Imagine you are driving in the right lane of a muli-lane freeway in moderately high traffic when a large object falls off a truck directly in front of you. You’ve only got a split-second to decide what to do… Should you swerve into the left lane to avoid hitting it?

Blind spots are the areas that cannot be seen in a driver’s forward vision or rear and side-view mirrors. It is not illegal to drive in other vehicle’s blind spots - in fact, if you’re driving in heavy traffic there’s often no way to avoid it. But, driving in someone else’s blind spot (or someone else driving in yours) creates an unsafe situation.

Always check your blind spot before changing lanes. Also, try to stay aware of the vehicles around you and try to keep a mental image of where vehicles are in your blind spots. If a road hazard suddenly appears and you only have a spit-second to decide what to do, it helps to know exactly where the traffic around you is.

Semi trucks, buses, and other larger vehicles have multiple blind spots that are different from a typical small car or truck. Do you know where they are?


Here are a few tips to remember about large trucks and their blind spots:

  • If you’re driving close enough behind a semi truck that you can’t see their rear-view mirrors, then you’re in their blind spot.
  • Pass long trucks only on the left, because they have a larger blind spot on the right.
  • If you are passing a truck, make sure that you can at least see both of the truck’s headlights in your rear-view mirror after you pass before returning to your lane. (It takes a semi truck 3 to 5 times as long to stop as a car!)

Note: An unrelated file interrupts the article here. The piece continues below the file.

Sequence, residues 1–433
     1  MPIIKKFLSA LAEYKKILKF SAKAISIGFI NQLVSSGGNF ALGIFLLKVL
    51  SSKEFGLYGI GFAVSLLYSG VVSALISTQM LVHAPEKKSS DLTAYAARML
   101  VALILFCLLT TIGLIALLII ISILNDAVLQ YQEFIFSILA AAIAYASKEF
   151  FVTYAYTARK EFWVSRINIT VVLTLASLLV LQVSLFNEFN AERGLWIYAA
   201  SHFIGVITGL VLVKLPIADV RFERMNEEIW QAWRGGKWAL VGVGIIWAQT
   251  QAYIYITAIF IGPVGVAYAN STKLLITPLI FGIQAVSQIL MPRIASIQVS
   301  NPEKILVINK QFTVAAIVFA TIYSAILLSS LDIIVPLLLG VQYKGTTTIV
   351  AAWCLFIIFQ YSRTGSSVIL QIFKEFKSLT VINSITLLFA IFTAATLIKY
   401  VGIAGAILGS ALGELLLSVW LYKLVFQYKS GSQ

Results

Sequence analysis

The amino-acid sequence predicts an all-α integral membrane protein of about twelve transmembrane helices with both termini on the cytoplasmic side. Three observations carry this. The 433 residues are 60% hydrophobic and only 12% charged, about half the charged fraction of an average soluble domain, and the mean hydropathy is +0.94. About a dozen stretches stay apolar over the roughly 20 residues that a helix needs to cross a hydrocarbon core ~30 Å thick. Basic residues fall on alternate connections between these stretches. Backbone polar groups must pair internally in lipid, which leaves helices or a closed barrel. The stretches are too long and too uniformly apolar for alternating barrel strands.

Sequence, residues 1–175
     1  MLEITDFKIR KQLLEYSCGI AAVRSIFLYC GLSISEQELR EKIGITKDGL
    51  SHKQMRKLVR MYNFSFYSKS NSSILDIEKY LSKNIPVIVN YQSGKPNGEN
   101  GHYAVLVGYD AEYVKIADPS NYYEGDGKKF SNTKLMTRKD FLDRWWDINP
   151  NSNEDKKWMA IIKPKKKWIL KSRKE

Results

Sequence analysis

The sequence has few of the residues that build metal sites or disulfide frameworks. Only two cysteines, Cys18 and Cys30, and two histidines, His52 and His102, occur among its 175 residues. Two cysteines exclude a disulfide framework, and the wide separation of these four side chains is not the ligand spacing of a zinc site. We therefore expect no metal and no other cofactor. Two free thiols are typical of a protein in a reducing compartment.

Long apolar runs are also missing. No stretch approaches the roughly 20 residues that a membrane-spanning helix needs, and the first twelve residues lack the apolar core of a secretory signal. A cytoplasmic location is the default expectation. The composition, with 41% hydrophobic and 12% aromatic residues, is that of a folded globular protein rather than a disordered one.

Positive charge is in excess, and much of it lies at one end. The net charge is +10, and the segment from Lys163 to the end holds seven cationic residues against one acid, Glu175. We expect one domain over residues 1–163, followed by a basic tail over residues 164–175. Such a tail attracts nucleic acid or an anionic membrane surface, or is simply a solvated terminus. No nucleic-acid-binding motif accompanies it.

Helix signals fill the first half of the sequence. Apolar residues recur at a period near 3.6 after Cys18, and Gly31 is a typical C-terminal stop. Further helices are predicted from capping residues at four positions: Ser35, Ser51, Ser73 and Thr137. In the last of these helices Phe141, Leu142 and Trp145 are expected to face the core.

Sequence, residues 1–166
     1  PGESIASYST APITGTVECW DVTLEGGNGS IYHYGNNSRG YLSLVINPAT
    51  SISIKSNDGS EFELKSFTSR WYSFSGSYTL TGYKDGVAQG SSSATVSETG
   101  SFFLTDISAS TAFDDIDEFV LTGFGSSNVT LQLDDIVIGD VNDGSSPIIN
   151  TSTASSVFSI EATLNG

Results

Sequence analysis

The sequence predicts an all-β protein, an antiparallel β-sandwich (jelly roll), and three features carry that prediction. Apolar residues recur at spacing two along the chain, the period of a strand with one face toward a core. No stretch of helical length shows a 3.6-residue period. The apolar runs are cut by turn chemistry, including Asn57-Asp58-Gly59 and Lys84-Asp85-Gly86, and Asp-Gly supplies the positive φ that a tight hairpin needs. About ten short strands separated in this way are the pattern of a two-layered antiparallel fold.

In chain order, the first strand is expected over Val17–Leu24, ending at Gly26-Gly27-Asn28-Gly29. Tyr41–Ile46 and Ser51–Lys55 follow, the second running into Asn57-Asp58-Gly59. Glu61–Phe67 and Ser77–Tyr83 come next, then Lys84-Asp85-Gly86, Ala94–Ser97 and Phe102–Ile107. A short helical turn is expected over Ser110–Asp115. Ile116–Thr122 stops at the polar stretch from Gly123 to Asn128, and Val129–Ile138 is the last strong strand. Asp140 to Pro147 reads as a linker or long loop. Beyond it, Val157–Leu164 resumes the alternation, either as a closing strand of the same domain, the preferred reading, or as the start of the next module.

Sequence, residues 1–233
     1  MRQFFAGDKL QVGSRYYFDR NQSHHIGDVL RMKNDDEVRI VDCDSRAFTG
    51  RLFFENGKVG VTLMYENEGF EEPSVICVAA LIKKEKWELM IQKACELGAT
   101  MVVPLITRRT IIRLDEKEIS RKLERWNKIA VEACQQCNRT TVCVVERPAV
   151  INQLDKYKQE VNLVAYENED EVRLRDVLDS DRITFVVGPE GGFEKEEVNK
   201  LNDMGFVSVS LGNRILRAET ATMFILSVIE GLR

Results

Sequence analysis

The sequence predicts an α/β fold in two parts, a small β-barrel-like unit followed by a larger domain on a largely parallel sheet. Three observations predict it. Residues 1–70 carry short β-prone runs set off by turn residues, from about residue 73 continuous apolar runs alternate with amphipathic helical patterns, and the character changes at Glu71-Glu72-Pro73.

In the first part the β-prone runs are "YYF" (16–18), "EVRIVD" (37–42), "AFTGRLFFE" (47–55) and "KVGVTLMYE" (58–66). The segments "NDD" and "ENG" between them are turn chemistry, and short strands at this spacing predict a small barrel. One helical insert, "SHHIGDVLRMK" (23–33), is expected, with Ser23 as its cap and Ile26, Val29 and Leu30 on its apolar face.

• If you are being passed by a truck at night on a single-lane highway, a common courtesy is to briefly flash your headlights (from normal to parking, NOT from normal to high-beams) when the truck has passed your vehicle to let them know that it is safe for them to return to the proper lane. It is difficult for trucks carrying long trailers to gauge distances at night.

Always try to avoid driving in other people’s blind spots. You never know if other drivers are paying attention, so it’s your responsibility to avoid dangerous situations by driving defensively. If you are in another vehicle’s blind spot, don’t assume that the driver knows you are there. If you are driving on a multi-lane freeway or highway and realize that you are keeping pace with another vehicle in the driver’s blind spot, then adjust your speed to get out of their blind spot.

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